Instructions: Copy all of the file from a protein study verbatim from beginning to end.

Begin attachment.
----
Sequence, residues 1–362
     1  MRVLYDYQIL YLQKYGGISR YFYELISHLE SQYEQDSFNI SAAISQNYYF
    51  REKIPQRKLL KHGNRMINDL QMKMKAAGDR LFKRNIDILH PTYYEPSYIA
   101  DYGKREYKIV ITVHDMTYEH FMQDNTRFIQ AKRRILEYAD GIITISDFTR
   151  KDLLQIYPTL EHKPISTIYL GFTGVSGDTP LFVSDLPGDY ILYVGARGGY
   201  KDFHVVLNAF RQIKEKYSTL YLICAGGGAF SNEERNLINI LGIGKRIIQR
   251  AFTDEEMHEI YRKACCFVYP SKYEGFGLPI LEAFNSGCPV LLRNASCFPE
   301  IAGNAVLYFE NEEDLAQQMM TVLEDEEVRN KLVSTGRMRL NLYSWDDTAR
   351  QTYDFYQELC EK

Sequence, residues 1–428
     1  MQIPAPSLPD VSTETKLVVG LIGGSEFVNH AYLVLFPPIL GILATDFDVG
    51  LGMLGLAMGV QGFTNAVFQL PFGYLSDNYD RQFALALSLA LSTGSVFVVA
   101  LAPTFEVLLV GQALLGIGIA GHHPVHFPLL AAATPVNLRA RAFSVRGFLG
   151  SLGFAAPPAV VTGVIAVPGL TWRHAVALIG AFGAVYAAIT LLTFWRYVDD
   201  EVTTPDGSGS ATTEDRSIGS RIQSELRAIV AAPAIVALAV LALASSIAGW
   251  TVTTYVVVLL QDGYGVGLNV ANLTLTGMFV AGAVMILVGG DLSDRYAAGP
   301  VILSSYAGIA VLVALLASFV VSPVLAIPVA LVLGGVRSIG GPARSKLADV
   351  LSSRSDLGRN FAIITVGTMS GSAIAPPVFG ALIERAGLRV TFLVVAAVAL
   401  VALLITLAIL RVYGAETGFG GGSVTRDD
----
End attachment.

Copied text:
Sequence, residues 1–362
     1  MRVLYDYQIL YLQKYGGISR YFYELISHLE SQYEQDSFNI SAAISQNYYF
    51  REKIPQRKLL KHGNRMINDL QMKMKAAGDR LFKRNIDILH PTYYEPSYIA
   101  DYGKREYKIV ITVHDMTYEH FMQDNTRFIQ AKRRILEYAD GIITISDFTR
   151  KDLLQIYPTL EHKPISTIYL GFTGVSGDTP LFVSDLPGDY ILYVGARGGY
   201  KDFHVVLNAF RQIKEKYSTL YLICAGGGAF SNEERNLINI LGIGKRIIQR
   251  AFTDEEMHEI YRKACCFVYP SKYEGFGLPI LEAFNSGCPV LLRNASCFPE
   301  IAGNAVLYFE NEEDLAQQMM TVLEDEEVRN KLVSTGRMRL NLYSWDDTAR
   351  QTYDFYQELC EK

Sequence, residues 1–428
     1  MQIPAPSLPD VSTETKLVVG LIGGSEFVNH AYLVLFPPIL GILATDFDVG
    51  LGMLGLAMGV QGFTNAVFQL PFGYLSDNYD RQFALALSLA LSTGSVFVVA
   101  LAPTFEVLLV GQALLGIGIA GHHPVHFPLL AAATPVNLRA RAFSVRGFLG
   151  SLGFAAPPAV VTGVIAVPGL TWRHAVALIG AFGAVYAAIT LLTFWRYVDD
   201  EVTTPDGSGS ATTEDRSIGS RIQSELRAIV AAPAIVALAV LALASSIAGW
   251  TVTTYVVVLL QDGYGVGLNV ANLTLTGMFV AGAVMILVGG DLSDRYAAGP
   301  VILSSYAGIA VLVALLASFV VSPVLAIPVA LVLGGVRSIG GPARSKLADV
   351  LSSRSDLGRN FAIITVGTMS GSAIAPPVFG ALIERAGLRV TFLVVAAVAL
   401  VALLITLAIL RVYGAETGFG GGSVTRDD